About UNC Project-Uganda

In 2004, a group of UNC physicians established the Amal Murarka International Pediatric Health Foundation in memory of their colleague, Dr. Amal Murarka, who died unexpectedly in 2003. The foundation sent a medical team to Kampala to establish the country's first pediatric intensive care unit at Mulago Hospital, Makerere University, where Dr. Murarka had previously conducted research. Subsequent work in 2007 and 2008 focused on pediatric cardiac surgery. The foundation not only built a cardiac ICU, but also performed a total of 21 life-saving pediatric cardiac surgeries.

In 2008 the foundation partnered with the Institute for Global Health and Infectious Diseases to establish UNC Project-Uganda.


The UNC Project-Uganda was established to support sustainable delivery of compassionate and competent health care to infants, children, and adolescents in Uganda; to improve the medical knowledge of the Ugandan health care workforce through in-country training and a physician exchange program; and to provide advanced medical equipment, medications, and services necessary for the delivery of compassionate and competent pediatric care in Uganda.

Wednesday, April 27, 2011

Working "up the hill"

     As a team member in 2009 I can second some of the comments already made, particularly regarding the contrasts between previous missions with the Uganda Heart Institute and our work this year in “peds acute”.  I had not visited any of the other pediatric areas scattered throughout the hospital and across the medical campus in 2009 so my adjustment to our new setting was almost as great as for the first timers.
     Working in peds acute meant a dramatic increase in the number of patients, the severity of illness and the types of illness at the same time that there was a decrease in the resources available in material, facilities and personnel.  Managing one’s own stress in this situation required a dramatic lowering of expectations and a focus on those goals that might be attainable in a short time frame.
     The successes we can claim are a result of hard work, a focus on physician and nurse education, modeling a systematic, problem solving approach and the readiness of our Ugandan colleagues to accept our contributions of energy, expertise and ideas, and to patiently decipher our American accented English, including one New York variation.
     If we helped bring the attention of administrators to this under-resourced area of the pediatric service more good may come.  The needs for both basic and advanced pediatric health care extend far beyond Mulago Hospital though, as the team that visited Mbarara can attest.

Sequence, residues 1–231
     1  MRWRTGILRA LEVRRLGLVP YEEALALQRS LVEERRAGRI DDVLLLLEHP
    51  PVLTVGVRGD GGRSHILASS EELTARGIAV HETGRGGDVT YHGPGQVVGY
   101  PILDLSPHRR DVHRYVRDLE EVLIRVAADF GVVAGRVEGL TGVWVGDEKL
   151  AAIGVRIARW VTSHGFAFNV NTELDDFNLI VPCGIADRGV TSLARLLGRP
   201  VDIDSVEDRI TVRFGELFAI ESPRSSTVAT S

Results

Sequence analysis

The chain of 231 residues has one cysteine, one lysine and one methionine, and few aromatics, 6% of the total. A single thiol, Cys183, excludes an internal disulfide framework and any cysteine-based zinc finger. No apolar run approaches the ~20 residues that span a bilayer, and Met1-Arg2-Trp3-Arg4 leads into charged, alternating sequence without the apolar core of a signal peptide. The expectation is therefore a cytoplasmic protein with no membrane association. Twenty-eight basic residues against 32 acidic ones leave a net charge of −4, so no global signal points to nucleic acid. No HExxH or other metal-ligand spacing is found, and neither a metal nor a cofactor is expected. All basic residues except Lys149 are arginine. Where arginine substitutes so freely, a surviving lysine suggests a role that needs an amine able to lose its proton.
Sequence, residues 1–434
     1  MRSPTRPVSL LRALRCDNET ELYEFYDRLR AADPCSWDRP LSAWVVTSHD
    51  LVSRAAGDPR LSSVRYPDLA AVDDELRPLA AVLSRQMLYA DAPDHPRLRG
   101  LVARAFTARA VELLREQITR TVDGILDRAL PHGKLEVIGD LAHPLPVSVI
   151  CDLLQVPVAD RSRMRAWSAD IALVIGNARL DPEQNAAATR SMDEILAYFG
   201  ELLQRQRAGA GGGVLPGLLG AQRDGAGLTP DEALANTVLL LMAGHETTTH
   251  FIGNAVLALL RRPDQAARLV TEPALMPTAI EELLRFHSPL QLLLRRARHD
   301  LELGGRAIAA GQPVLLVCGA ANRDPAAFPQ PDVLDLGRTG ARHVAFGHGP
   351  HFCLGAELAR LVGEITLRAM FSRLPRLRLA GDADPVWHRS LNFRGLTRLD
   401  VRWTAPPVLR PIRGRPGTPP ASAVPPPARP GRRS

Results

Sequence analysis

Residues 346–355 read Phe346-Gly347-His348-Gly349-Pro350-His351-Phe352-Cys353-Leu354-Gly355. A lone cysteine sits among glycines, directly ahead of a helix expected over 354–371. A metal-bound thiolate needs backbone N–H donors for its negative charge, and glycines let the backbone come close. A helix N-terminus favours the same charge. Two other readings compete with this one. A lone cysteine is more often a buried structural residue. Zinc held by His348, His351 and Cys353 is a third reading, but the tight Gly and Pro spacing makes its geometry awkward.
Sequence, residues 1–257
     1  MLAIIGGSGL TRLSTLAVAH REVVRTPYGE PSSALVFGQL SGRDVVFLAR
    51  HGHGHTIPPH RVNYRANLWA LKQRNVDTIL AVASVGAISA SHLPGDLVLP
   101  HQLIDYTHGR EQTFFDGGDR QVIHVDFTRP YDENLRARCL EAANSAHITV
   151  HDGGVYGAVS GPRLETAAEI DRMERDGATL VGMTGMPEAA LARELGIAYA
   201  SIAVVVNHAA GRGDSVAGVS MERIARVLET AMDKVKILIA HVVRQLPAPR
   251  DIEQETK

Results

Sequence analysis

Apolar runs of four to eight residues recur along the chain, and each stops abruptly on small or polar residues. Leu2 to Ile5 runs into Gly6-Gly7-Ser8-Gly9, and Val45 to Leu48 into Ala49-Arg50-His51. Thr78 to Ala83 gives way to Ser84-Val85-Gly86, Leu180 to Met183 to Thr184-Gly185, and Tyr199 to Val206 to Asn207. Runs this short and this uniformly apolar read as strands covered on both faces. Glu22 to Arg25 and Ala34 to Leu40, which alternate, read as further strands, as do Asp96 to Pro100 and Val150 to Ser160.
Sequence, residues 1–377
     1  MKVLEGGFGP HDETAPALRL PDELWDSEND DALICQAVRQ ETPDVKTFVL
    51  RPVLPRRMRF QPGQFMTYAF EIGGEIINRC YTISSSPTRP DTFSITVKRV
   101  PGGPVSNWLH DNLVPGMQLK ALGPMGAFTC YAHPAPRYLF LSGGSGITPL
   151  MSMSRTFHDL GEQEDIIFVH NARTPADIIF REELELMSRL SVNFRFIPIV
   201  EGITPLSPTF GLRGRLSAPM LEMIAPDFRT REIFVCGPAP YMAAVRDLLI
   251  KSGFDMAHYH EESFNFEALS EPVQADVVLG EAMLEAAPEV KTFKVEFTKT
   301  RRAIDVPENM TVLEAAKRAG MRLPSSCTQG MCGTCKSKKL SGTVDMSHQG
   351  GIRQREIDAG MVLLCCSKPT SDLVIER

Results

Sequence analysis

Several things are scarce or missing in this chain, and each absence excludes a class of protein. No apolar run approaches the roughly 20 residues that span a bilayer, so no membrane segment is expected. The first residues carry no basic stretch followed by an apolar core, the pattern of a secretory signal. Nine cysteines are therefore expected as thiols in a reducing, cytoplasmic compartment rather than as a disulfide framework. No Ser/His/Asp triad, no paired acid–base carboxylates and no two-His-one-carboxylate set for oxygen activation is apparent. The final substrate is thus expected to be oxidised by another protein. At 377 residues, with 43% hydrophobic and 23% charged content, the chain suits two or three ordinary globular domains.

My respect goes out to all of the Ugandan physicians and nurses, who work day in and day out under these difficult conditions, and to all of the volunteers, who contribute measures of time, concerted effort and resources at Mulago and elsewhere.
     The UNC team that made the trip this year was a combination of old and new members, including our first librarian, Mellanye Lackey.  It is incredible to work with such strong, positive, resourceful individuals.
     Each evening we processed the day behind us and planned for the day ahead.  The challenges we faced were difficult physically, mentally and emotionally.  It is a tribute to every member of the team that we engaged these challenges vigorously, constructively and supportively.  As a result we grew in our understanding of and appreciation for one another and left Uganda with a sense of accomplishment despite the failures we also witnessed.
     We are not under any illusions about the small scale of our contribution in the face of such great needs and deficiencies.  But any one of us could talk at length about what more we could do in partnership with many of the wonderful Ugandans we met.
     How this mission proceeds in the years ahead is an ongoing question.  The progress of the Uganda Heart Institute reflects what is possible when resources are available and applied to a complex but limited problem.  Working “up the hill” will require a longer time frame, a greater investment of resources and effective partners within the institution.  Like any project in a poor country, this is a great undertaking.

John Bryson


Apu Mridha said...

Thank you for sharing such an amazing and informative post. Really enjoyed reading it. :)


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Tony M. said...

Good post.